It will help if we can find other collectivities formed by individuals who come together, eliminating competition between themselves, in order to pursue their individual interests more effectively. These appear, perhaps not surprisingly, across the table from the trade union negotiators. When employers in pursuit of their individual interests suppress competition between themselves and come together to form groups, whether these be boards of directors, bodies of shareholders, cartels, price-rings or trade associations, they are following the same pattern of behaviour, exhibiting the same major ideology, as those who constitute the trade unions. These, like those, operate by collectivism internally but do so in pursuit of an individualistic object. For business people and trade unionists alike, the purpose has been achieved when they receive greater benefits for themselves as individuals, whether these be wages, salaries, profits or dividends.
When this is accepted then the apparent discrepancy, between the predictions derived from systematic ideology and the size of the trade union movement, disappears. It also goes far towards explaining another discrepancy, that between the commitment to socialism formulated in Clause Four of the Labour Party’s constitution and the repeated statements by the leaders of that organisation, for example Nell Kinnock at the Conference of 1988, that its function is to operate capitalism more effectively. Socialism remains a minority influence, within the Labour Party as outside it; the Party’s numerical and financial strength comes from its trade union component, and the attachment of this movement to a non-socialist ideology renders the party, even when in office, unable to use its power for the transition to socialism. Some trade unionists have already adopted the ideology of socialism and doubtless others will do so in future. But s.i. indicates the attachment of very large numbers to the ideology underlying both business and trade unionism to be a requirement for any society larger than the communities which once lived by hunting and gathering. We have no good grounds for expecting the general body of trade unionists to become socialists.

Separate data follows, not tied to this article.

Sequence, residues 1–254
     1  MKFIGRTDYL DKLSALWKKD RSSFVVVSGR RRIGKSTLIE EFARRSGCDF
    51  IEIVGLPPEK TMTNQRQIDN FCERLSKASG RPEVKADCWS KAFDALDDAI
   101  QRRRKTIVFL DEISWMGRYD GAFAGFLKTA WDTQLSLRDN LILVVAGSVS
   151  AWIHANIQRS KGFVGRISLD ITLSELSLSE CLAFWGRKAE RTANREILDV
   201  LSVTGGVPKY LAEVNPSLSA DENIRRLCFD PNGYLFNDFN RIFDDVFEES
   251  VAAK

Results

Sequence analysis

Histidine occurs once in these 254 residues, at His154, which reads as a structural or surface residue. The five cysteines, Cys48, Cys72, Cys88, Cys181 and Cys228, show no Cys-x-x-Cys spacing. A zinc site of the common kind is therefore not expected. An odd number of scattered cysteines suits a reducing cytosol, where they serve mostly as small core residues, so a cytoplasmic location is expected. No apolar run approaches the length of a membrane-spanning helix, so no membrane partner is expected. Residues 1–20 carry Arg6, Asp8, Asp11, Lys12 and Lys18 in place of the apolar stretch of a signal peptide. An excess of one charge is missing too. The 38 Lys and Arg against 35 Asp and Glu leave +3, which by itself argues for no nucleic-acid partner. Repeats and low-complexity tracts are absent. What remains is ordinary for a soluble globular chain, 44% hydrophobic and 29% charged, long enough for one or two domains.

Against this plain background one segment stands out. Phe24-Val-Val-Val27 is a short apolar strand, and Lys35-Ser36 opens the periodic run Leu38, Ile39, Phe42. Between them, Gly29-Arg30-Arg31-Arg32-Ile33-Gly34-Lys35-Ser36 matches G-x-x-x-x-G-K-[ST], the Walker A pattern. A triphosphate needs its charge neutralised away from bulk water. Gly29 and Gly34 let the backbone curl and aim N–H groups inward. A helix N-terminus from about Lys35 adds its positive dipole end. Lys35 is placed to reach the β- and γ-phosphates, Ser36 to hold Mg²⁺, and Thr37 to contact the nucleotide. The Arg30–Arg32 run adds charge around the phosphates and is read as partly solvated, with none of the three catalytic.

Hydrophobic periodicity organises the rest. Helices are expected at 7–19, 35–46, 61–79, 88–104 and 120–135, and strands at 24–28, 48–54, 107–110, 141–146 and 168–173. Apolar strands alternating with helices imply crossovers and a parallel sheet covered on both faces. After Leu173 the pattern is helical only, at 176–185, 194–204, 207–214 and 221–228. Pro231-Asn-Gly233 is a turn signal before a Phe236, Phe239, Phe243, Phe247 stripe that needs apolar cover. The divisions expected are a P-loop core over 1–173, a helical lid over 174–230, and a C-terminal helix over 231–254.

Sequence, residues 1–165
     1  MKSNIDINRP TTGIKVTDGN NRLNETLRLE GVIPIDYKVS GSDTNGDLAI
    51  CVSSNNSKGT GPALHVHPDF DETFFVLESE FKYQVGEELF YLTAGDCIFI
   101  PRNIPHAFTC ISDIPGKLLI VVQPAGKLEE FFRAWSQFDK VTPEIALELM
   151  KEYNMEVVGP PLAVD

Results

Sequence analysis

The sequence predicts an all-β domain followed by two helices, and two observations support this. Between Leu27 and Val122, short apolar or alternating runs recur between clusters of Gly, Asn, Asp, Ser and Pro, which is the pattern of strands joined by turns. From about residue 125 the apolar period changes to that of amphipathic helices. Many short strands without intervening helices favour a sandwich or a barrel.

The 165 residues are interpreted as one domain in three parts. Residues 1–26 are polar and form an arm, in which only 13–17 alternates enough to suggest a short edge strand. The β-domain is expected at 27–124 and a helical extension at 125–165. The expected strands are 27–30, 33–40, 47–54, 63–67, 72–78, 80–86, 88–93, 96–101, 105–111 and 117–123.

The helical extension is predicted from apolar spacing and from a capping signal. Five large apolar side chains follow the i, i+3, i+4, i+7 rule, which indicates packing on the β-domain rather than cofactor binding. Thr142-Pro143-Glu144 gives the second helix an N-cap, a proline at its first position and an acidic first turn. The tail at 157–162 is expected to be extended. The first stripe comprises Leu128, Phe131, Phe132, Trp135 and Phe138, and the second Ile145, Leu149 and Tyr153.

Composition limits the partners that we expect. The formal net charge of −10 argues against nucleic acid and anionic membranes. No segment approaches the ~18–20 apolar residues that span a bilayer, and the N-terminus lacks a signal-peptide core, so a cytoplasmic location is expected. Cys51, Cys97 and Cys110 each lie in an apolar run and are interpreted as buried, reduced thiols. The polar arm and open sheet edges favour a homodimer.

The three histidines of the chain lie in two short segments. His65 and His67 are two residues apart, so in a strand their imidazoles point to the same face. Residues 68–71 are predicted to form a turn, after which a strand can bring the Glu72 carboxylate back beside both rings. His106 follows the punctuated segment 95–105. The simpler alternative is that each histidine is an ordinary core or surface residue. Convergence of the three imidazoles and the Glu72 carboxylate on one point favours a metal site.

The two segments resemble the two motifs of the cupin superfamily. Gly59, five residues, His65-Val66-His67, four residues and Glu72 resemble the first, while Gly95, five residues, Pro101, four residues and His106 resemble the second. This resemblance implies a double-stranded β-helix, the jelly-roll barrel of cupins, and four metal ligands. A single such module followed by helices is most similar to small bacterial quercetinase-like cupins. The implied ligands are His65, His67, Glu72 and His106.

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FEMINISTS have long been demanding freedom from the degradation that pornography, they say, inflicts on women. But now a new feminist group has arisen, demanding freedom from the restraints that have to be imposed to secure freedom from pornography:
Feminists Against Censorship opposes legislation against pornography which would invest judges, the police and other established bodies with the power to impose more
censorship. (Freedom, Anarchist Magazine Dec 89)
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“The working class is a revolutionary class.” True. But it is also a reactionary class and – even more important – an apathetic class So is the bourgeoisie.
from Ideological Commentary 43, January 1990.